The concluding five paragraphs of the five-page section “The Family as Domestic Church” in Marriage: Love and Life in the Divine Plan address specifically “mixed marriages” by focusing upon “challenges” encountered in “mixed marriages,” e.g., a parent’s difficulty in sharing faith with children. “Mixed marriages”, state the bishops, are limited to expressing their common baptism and the dynamism of grace through spiritual ecumenism[24]. We face again a conundrum for the interchurch family as domestic church: “Although Christian spouses in a mixed marriage … do not ordinarily share the Eucharist, they are called to witness the universality of God’s love which overcomes all division”[25]. The scandal of divided Christians stands and the fuller witness of the authentically interchurch family is ignored or, even worse, frustrated. The bishops remain silent on the real, albeit extraordinary, possibility of Eucharistic sharing by way of “exception” which is explicitly envisioned and addressed in the 1993 ecumenical directory. Is it any wonder that an interchurch family might question whether the bishops’ silence is a form of pastoral malpractice?

A woman I have admired over several decades for her family’s steadfast interchurch identity voices this urgent pastoral issue with the caliber of theological and pastoral insight that is absent in the USCCB’s letter:

I think there is a close relationship between sexual intercourse and Eucharistic sharing – both are ways of expressing in bodily terms the relationship of love in God to which we are called in marriage. This being together at the Eucharist is as much the expression of our married unity in Christ as is our sexual union. This experience of being together at the Eucharist over many years brought us to a profound longing to share communion as a couple. ... After all, marriage is about living invisible realities in visible signs – and so is the church.

Her lived experience manifests in a compelling manner the sacramentality of Marriage and Eucharist (in addition to Baptism) that resonates with the reality of the domestic church. She and her husband approach the Eucharist with the same sense of the sacred and of personal integrity that they bring to their human sexuality. Hers is a vivid illustration of the living tradition which the Second Vatican Council pointed out in the Dogmatic Constitution on Revelation, “a growth in the understanding of the realities and the words which have been handed down”. Her believing, contemplation, and study shows us how the apostolic tradition grows and develops, how that process even happens among the laity who, like Mary, as the council emphasized, “treasure these things in their hearts (cf. Lk. 2:19, 51)”[26].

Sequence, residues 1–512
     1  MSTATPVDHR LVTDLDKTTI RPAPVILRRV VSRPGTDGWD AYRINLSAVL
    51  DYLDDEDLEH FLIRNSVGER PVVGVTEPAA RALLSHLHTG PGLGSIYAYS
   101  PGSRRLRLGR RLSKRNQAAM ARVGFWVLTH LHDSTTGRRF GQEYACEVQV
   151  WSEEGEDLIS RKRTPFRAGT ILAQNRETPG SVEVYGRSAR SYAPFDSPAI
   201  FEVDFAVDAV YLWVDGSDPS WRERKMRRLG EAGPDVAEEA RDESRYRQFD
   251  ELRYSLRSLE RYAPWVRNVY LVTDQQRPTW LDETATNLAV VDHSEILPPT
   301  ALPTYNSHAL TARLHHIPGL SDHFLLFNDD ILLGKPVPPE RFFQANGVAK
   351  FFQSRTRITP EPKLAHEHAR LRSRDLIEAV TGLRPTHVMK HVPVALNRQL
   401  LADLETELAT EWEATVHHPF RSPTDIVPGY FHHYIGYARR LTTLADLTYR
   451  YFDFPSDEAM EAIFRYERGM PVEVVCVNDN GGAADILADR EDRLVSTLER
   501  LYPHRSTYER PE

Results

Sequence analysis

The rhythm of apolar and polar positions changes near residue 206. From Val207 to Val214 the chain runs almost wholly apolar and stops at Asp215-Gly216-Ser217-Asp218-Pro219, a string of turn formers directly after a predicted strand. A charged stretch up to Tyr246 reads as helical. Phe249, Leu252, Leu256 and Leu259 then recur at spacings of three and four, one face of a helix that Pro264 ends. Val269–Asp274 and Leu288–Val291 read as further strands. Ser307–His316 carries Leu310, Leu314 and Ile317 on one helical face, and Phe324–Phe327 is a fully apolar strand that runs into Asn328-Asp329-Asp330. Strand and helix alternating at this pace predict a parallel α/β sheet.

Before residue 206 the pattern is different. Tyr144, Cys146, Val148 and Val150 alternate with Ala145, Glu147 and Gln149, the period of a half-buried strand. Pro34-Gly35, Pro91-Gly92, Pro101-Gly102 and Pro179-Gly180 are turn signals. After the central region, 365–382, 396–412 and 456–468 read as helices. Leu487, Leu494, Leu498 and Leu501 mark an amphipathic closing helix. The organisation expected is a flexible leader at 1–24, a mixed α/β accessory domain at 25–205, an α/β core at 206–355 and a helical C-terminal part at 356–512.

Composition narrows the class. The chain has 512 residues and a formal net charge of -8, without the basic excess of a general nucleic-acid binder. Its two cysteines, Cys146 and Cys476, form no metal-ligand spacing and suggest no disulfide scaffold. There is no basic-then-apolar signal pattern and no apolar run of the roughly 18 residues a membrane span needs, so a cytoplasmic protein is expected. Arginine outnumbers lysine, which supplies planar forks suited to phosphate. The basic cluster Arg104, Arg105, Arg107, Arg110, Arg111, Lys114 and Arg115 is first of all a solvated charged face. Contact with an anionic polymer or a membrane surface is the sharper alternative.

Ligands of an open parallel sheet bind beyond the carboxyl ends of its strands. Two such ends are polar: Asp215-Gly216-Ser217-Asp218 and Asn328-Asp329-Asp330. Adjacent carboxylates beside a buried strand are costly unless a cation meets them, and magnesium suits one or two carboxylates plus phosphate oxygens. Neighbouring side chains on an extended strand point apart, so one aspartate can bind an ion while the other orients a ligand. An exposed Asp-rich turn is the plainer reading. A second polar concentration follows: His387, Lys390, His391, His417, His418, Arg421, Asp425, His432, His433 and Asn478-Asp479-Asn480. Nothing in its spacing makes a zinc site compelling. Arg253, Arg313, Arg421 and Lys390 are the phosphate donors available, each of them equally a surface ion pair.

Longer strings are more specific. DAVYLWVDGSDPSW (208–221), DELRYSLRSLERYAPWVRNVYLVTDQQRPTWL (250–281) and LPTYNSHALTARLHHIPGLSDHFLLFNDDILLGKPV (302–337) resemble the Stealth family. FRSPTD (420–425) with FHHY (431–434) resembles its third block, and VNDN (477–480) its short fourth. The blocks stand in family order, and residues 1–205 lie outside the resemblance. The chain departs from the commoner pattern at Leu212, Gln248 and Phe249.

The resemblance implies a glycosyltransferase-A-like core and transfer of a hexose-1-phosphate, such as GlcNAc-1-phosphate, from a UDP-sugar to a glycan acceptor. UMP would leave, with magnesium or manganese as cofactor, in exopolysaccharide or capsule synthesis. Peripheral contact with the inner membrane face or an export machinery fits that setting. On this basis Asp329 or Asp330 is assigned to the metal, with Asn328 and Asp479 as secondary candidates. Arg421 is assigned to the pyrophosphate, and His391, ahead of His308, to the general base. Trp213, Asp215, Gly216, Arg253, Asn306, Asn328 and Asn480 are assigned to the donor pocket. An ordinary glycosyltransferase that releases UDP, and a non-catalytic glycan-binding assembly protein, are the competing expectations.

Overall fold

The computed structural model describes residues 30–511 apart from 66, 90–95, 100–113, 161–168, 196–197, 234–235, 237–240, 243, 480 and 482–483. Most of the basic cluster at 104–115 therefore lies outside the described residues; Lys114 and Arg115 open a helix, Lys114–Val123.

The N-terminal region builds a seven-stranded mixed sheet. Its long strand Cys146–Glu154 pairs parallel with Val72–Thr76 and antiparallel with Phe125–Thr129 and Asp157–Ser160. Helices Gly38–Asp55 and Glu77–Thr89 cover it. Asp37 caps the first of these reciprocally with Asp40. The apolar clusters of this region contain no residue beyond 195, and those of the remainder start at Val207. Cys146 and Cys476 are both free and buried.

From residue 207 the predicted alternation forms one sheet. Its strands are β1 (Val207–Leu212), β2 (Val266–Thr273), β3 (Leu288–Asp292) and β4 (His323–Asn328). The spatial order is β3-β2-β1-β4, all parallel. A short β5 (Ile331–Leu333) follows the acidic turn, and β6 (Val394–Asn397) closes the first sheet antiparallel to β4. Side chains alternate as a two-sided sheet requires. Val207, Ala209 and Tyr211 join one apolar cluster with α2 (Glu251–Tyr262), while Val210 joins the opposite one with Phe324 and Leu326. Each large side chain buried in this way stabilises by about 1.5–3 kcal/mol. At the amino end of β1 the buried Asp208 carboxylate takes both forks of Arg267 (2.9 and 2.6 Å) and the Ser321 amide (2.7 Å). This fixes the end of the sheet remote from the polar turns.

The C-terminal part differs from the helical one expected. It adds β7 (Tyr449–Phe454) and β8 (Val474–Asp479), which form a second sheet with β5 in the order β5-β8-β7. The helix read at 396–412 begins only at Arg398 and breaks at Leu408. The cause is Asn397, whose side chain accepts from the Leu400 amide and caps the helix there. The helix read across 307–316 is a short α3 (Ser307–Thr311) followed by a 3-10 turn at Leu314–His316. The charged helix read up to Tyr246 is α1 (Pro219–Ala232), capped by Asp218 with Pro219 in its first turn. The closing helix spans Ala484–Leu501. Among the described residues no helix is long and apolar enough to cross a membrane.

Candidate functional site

The Vatican’s 1993 ecumenical directory teaches us, that “[a]ll those engaged in pastoral work will be faithful to the holy and living Tradition which is a source of initiative within the Church. They should be able to evaluate and welcome truth wherever it is found. ‘All truth, by whomsoever it is spoken, is of the Holy Spirit’”[27]. The Second Vatican Council’s Decree on Ecumenism alerts us not to accuse those who have been born into Protestant and Eastern Orthodox communities of the sin of separation but to embrace them with respect and affection[28]. The decree goes on to remind us, “Whatever is truly Christian never conflicts with the genuine interests of the faith; indeed, it can only result in more ample realization of the very mystery of Christ and the Church[29]”. Such Catholic teaching is virtually eclipsed in the USCCB’s “pastoral” letter.

The dynamism of grace in Christian life follows a trajectory from Baptism to Eucharist. Baptized persons need the Eucharist. Do our bishops appear “tone deaf” when it comes to understanding authentically interchurch families as a full expression of the domestic church? I am reminded of the poet’s insight: “The hint half guessed, the gift half understood is Incarnation[30]”. When two baptized spouses become one flesh this same gift becomes the reality the poet metaphorically calls the dance, “the still point of the turning world”[31]. These families who stand marginalized by Marriage: Love and Life in the Divine Plan are “the gift half understood” – improbable for the “tone deaf” but an unmistakable grace for those who have ears to hear and to fathom the parable of their lives as domestic church.

            A local couple returned from a trip to France last autumn. They brought a copy of the participation sheet from the Sunday Eucharist at the Cathedral of Notre-Dame in Paris. It included a stunningly concise pastoral articulation of the Catholic Church’s teaching on Eucharistic sharing by way of exception: “The bread distributed during Mass has a high significance for Christians: it is the body of Christ, their Lord and God. If you do not share our faith in the living presence of Christ in the Eucharistic bread, we ask you not to join your neighbors at communion time”.

III. Towards a More Collaborative, Ecumenical, and Inclusive Ministry to Interchurch Marriages